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  • 1 Semmelweis University, Institute of Behavioural Sciences, Budapest, Hungary
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Background

Attachment theory has been used in personalized treatments since decades. It is a major framework for understanding images of the self, affect regulation, reflective functions and interpersonal relationships. The improvement of attachment functioning is associated with positive treatment outcomes in eating disorders. However, attachment interventions have not been summarized in their psychotherapy.

Aims

The aim was to review the relevance of attachment features in the psychotherapy of eating disorders.

Methods

A literature review was carried out for empirical review and case studies, using the terms “eating disorder” and “attachment” from 1987 until 2017. From the 320 matches, 50 relevant studies were integrated into this review.

Results

The relationship between dysfunctional attachment and eating disorders could be conceptualized in seven ways, including transgenerational transmissions and mediator personality traits. Attachment can mediate between early experiences and adult symptoms, between intra- and interpersonal experiences, or may moderate the relationship between the risk factors and maladaptive eating. Attachment features also display a direct relationship with eating disorders, or may underlie their maintaining mechanisms. Nine psychotherapeutically relevant mediator factors could be identified, namely the patient’s self-concept and emotion-regulation, the conflation of self-esteem and body satisfaction, a sensitive interpersonal style, levels of perfectionism, depression, alexithymia, mentalization and reflective functions.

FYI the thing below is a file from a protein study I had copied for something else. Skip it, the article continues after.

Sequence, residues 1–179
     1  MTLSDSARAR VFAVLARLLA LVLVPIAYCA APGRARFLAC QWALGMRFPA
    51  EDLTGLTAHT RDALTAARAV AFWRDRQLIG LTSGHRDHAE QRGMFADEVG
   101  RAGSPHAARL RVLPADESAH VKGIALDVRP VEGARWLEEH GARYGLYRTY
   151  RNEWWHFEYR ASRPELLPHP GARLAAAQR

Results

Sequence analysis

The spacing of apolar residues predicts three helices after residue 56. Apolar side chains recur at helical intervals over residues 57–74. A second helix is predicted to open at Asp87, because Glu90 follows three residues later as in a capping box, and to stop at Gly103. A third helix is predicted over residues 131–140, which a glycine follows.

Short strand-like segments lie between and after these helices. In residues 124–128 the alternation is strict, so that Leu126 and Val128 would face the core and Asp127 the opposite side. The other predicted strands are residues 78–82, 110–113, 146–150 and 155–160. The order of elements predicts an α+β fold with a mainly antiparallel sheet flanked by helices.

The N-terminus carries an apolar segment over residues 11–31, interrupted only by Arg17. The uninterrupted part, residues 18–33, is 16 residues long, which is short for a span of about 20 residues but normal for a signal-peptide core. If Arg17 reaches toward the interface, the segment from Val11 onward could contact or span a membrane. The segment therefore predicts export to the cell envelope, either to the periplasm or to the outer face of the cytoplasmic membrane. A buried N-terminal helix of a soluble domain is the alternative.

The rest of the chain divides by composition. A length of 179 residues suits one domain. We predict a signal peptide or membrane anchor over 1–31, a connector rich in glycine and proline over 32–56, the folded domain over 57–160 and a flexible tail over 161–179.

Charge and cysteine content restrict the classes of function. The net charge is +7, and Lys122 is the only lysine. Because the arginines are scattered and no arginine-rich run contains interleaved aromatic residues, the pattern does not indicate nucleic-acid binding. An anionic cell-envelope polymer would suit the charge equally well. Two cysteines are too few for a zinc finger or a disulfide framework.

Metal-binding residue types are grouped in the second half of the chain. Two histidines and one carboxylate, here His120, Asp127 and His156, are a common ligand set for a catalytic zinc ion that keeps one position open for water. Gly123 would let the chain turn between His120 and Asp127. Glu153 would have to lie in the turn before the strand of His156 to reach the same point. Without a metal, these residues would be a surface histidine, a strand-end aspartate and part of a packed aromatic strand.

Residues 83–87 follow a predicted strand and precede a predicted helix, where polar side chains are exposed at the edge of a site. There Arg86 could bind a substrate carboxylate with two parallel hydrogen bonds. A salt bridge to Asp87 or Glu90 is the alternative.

Conclusions

The assessment of attachment dysfunctions in the individual symptomatology may facilitate personalized case models. For patients with severe attachment dysfunctions, multimodal psychotherapies targeting the described focal points could be recommended. Randomized, controlled studies are required to test the efficacy of the interventions summarized, and to determine indications.

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